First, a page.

Pattaya Daily News

10 March 2011 :: 16:03:03 pm 51295

Carlos Slim still No. 1 as ‘Forbes’ Richest List Grows

If it seems as though the rest of the world is getting richer, it is.
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The world’s wealthiest people had a record-breaking year from February 2010 to February of this year, says Forbes magazine, which released its list of the globe’s billionaires Wednesday. During the year, 214 people became billionaires, bringing the world’s total to 1,210; 15 fell off.

THE LIST: World’s richest people as ranked by ‘Forbes’ magazine

These wealthy individuals saw their average net worth jump 5.7% to $3.7 billion, powered in large part by soaring stock and commodity prices.

Of the $4.5 trillion held by billionaires, $1.5 trillion is held by Americans. Plus, the U.S. has the most billionaires, 413. But the rising influence of the rest of the world is clear in that:

•The world’s richest person, again, isn’t American. Mexico’s Carlos Slim was again No. 1, with a net worth of $74 billion, up $20.5 billion. Slim widened his lead over Microsoft’s Bill Gates to $18 billion, largely due to Gates’ massive philanthropic efforts valued at roughly $30 billion, says Steven Bertoni of Forbes.

FOR GOOD CAUSE: Bill Gates no longer world’s richest

 

•Most new billionaires aren’t being created in the U.S. During the year, 23 new billionaires were minted in the U.S., in large part resulting from the swelling paper value of social-media site Facebook. Meanwhile, China added 54 billionaires and Russia, 31. More than 108 new billionaires came from Brazil, Russia, India and China, the so-called BRIC nations. Because of the rise of emerging nations, just one in every three billionaires is American, down from one in every two 10 years ago.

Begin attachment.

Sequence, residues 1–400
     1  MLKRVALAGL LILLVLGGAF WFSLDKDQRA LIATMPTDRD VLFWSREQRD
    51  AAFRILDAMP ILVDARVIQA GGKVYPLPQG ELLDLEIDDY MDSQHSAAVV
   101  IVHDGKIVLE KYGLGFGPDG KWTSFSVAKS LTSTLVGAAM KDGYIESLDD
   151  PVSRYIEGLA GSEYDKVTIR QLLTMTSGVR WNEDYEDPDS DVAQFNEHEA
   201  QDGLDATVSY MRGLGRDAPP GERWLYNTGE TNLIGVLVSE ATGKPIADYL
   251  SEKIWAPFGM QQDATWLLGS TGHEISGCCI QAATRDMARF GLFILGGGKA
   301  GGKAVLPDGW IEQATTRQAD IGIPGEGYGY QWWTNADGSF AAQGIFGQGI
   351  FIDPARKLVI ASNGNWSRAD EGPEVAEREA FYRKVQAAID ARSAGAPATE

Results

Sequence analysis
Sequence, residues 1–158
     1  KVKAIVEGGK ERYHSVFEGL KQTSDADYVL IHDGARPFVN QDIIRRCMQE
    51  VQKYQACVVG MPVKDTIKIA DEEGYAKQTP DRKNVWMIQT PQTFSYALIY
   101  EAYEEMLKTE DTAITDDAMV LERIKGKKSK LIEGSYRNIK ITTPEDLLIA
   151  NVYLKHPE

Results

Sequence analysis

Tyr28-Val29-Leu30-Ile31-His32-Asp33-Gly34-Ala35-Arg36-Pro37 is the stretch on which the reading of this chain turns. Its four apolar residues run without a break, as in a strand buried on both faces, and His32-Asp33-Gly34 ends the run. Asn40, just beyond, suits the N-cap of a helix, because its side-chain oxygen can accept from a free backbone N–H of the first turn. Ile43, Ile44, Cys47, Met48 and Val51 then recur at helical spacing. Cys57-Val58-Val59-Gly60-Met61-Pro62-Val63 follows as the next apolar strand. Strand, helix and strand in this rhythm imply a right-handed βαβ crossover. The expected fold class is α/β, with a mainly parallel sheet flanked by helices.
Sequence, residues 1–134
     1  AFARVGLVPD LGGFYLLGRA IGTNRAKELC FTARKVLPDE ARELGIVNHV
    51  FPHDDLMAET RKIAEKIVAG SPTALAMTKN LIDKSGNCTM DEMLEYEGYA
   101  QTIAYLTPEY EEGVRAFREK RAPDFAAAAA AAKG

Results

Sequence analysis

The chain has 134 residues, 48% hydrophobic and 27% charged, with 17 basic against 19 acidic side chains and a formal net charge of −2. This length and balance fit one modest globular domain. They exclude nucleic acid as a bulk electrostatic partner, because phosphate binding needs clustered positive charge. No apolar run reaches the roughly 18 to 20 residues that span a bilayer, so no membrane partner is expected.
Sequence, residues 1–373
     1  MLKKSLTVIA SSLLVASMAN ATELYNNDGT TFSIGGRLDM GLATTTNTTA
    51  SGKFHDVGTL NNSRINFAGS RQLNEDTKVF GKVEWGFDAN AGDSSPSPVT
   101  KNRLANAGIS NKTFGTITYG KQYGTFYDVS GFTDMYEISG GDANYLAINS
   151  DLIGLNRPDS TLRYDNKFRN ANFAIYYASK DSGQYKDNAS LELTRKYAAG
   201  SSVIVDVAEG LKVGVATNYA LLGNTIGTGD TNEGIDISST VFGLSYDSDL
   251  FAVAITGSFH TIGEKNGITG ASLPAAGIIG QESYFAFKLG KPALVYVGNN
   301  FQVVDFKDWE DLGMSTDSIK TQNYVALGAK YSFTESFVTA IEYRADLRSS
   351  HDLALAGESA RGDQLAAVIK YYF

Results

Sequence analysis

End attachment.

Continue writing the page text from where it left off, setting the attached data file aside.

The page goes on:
•A city outside the U.S. is home to the most billionaires. Moscow is the home of the most billionaires, 79, topping New York’s 58. Last year, New York was home to more billionaires than any other city. Russia has 115 billionaires. Soaring commodity prices have been a big win for resource-rich Russia, says Timothy Smeeding, professor at the University of Wisconsin-Madison.

•Asia’s dominance continues to swell. For the first time in a decade, there are more billionaires in Asia, 332, than in Europe, 300. China has 101.

While Russia’s rise is closely tied to rising prices of natural resources, China’s is much more about aggressive expansion in manufacturing, Smeeding says. “With a culture of savings and workers who want to get ahead, even more so than in America, more are getting ahead,” he says.

It’s premature, though, to count out America, Bertoni says. Of the top 20 richest people, eight are still Americans.

“While the (U.S.) is not adding as many new names, there is still substantial wealth here,” he says.

credit by: usatoday.com

Photo : Internet   Category : World News

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